Salar de Uyuni (or the Salt Flats as we like to call them) are world famous for being very flat and very salty. During our 3 days in this area we were extremely fortunate to see rare animals, join in with a llama-burning ceremony and play football with local Bolivian children who made us look as if our lungs had been forcibly removed prior to kick-off.
Day 1 – Football, Zumba, Lagoons, Lagoons and Lagoons
It all started at the Chilean / Bolivian border where we got our first taste of altitude (4900m) (as well as a long queue at border-control in a freezing wasteland with only a small hut for a toilet. We were unsure whether you were supposed to urinate in it or behind it). Leaving behind “real roads” we were transferred into 3 Toyota Landcruiser’s and headed off into the unknown.
What you need to know about this part of southern Bolivia is that there are many lagoons. Quite possibly 10 or more. We were treated to maybe 4 or 5 by the time we were done and we were pretty much lagoon’d out by that point. Don’t get me wrong, they’re very nice to look at – there’s simply loads of them!
Our first day consisted of a few of these lagoons (white lagoon & green lagoon) and a trip to a thermal pool with lunch. The thermal pool was quite nice, it was clean at least and approximately 30-35 degrees celsius which got a little too hot after 15 minutes or so of floating around.
San Pedro de Atacama may be one of the driest places on earth, the area to the south of Salar de Uyuni is probably one of the remotest. We drove for what felt like hours and saw not another soul – not a great place to break down. Naturally the vehicle Sarah and I were travelling in blew both back tyres. A landcruiser only carries a single spare.
Thankfully, we were driving in a trio of vehicles – and the others helped out (while bursting out laughing – I took this as a sign that blowing both rear tyres at the same time was a rare occurrence).
Our first night was spent in a small village south of Salar de Uyuni consisting of only 60 families. It did however, feature an olympic-style football (soccer) pitch – better than any I have seen in my part of the UK in fact (I later learned from a bus driver that this was part of the policy of the current elected president – sports stadiums in every village!). When we arrived there were a few local Bolivian children playing football. A few of us decided to challenge them to a game – this was our first mistake.
When you’re not used to altitude, walking for 50 meters typically makes you feel like your throat has been cut – air just does’t seem to reach your lungs at all. Challenging locals (no matter how old they are) to a game of football just isn’t a smart move. This quickly told as they started to run rings around us (bear in mind these kids were between 8 and 13 years old).
I am happy to say though that Sarah managed to get a decent clip of me absolutely ‘skinning’ some kid! I’ll embed it here to show future generations (and the England national team) just how it’s done.
Our second mistake was trying to learn Zumba from Alex, our resident certified Zumba instructor from Australia (who was part of our group). Let’s just say I tried one song (absolutely smashed the moves – naturally) but then had to bail due to not being able to breathe and/or see anything. The small group you see behind our dancers were quite possibly French. I don’t think they enjoyed our dancing as much as we did.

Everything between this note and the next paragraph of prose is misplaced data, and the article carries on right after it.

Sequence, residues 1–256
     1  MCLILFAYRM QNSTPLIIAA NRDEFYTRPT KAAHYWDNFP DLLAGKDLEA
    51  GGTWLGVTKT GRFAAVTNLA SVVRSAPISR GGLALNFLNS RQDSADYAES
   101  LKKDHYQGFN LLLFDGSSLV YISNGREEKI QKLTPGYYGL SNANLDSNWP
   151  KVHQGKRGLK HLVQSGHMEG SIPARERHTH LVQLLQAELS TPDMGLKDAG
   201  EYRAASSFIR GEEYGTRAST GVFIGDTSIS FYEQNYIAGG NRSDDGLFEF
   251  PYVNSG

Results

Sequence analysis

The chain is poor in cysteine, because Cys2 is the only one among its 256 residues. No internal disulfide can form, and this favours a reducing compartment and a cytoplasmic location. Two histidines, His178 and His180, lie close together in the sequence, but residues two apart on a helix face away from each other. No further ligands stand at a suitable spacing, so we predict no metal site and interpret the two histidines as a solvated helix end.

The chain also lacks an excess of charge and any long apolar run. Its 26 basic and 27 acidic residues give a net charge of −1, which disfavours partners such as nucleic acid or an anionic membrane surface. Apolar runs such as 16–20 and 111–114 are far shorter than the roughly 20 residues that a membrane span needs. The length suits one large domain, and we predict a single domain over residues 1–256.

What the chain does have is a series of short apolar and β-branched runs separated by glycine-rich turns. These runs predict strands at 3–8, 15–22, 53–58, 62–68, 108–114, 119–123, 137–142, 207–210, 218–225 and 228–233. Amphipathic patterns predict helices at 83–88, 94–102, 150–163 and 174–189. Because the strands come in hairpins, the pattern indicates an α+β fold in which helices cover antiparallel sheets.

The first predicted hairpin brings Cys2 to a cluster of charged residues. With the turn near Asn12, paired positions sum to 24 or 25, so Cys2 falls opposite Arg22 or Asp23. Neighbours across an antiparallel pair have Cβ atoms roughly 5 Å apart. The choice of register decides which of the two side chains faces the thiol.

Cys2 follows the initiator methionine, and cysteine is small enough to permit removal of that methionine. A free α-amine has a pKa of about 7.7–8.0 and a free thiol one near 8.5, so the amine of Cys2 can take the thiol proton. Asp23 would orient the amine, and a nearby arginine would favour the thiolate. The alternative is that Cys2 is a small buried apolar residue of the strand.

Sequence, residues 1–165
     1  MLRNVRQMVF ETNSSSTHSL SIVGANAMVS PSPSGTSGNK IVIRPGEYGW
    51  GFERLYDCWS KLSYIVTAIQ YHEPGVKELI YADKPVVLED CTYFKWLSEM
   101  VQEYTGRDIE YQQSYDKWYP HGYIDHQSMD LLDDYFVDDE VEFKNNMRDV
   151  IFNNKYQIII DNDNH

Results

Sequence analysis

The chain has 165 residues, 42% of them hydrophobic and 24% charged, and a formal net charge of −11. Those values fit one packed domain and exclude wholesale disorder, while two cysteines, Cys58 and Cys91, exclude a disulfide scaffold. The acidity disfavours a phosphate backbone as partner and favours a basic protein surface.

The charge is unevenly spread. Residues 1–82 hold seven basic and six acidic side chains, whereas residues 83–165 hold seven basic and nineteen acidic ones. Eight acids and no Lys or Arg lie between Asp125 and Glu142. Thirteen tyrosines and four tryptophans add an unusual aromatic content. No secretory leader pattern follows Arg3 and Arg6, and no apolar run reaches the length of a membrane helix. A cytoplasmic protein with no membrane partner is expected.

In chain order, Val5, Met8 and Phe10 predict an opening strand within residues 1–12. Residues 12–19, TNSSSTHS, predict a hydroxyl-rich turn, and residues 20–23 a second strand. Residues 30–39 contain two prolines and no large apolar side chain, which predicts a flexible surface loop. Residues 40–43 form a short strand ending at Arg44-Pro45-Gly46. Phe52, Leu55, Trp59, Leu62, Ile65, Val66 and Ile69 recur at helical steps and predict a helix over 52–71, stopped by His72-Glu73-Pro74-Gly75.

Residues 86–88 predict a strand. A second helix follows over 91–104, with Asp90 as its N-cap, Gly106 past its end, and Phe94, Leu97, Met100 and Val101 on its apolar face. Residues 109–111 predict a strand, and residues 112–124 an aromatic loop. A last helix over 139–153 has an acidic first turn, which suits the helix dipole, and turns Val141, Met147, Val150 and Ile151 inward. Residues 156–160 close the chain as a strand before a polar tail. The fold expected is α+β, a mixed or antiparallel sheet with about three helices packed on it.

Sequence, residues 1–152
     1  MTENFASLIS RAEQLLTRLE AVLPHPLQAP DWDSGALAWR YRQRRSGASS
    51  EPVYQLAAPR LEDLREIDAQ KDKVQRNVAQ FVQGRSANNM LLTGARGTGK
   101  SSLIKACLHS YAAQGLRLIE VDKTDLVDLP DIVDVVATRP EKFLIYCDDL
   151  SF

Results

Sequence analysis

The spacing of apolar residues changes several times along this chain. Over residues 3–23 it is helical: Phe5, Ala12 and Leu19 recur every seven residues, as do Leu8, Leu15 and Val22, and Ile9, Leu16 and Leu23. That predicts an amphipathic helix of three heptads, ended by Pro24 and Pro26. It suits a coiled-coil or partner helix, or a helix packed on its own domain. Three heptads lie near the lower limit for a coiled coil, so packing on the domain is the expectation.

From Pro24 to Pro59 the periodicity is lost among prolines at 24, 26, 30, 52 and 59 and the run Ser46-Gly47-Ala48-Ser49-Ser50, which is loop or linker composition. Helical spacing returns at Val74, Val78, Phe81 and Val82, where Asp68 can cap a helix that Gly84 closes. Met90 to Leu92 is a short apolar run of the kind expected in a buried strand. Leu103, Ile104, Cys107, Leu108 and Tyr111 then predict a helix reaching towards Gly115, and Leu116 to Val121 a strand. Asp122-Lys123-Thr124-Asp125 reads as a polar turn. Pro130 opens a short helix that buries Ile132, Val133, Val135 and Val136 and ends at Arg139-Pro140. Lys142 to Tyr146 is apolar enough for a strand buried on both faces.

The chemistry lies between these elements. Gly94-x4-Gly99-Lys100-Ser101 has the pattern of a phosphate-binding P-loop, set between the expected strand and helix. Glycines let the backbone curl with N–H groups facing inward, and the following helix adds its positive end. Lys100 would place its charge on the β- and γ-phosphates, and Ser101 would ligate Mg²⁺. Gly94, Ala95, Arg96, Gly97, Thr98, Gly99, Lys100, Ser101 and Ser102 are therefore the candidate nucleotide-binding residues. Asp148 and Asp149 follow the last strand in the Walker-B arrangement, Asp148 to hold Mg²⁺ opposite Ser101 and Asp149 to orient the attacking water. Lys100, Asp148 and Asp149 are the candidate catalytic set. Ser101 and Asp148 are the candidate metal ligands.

Afterwards, we had lunch and were treated to a sing-along from the local kids (most of whom I’m pretty sure I ‘skinned’ earlier in the day playing football), they charged us for the pleasure and I had to bite-back my retort about charging them for my football skills.
Day 2 – Torture, Rocks, Caves, Volcanoes and (you guessed it) lagoons
Sleeping at altitude, when you’re not used to it – is torture. I had a bastard of a cold that I had picked up in Salta back in Argentina and it was pretty much at it’s peak bastard-ness when I “slept” for the first time at an altitude of nearly 2 and a half miles.
I can’t quite explain what it feels like, but if you try to imagine a thousand cheese-graters being pulled end-over-end out of your throat like some sort of perverted magic trick, while at the same time realising that you haven’t had a sip of water for over sixteen years and have somehow been blasted off into deep space without a spacesuit (so that your tiny brain is trying to force itself out of your nostrils followed by your lungs and liver and other vital organs). If you can imagine this – then you’re pretty close to knowing what I felt like that morning.
We left our small village where we’d had such an awesome time and journeyed up, up and away closer to the real Salar de Uyuni. On the way, we learned from our guide that the village we had just left sits next to a dormant super-volcano. A volcano that (according to the experts) is due to erupt at any moment. When questioned about what the villagers thought about this, the reply was – “they don’t know about it”. I’m not sure how I felt about that. Still don’t really.
We drove to another Lagoon (obviously), this one was called “red” lagoon. There were plenty of flamingoes in this lagoon, they feed on the red algae-stuff and generally stand around looking bored.
Before we ended up mimicking the Flamingoes, we were driven off to a very strange place – a place that resembled the wild-west but could easily have been a scene from the book/movie “The Martian”. Wind-hewn rocks shaped like trees stood in the desert. We climbed a few of them obviously and stacked a few rocks of our own (as you do).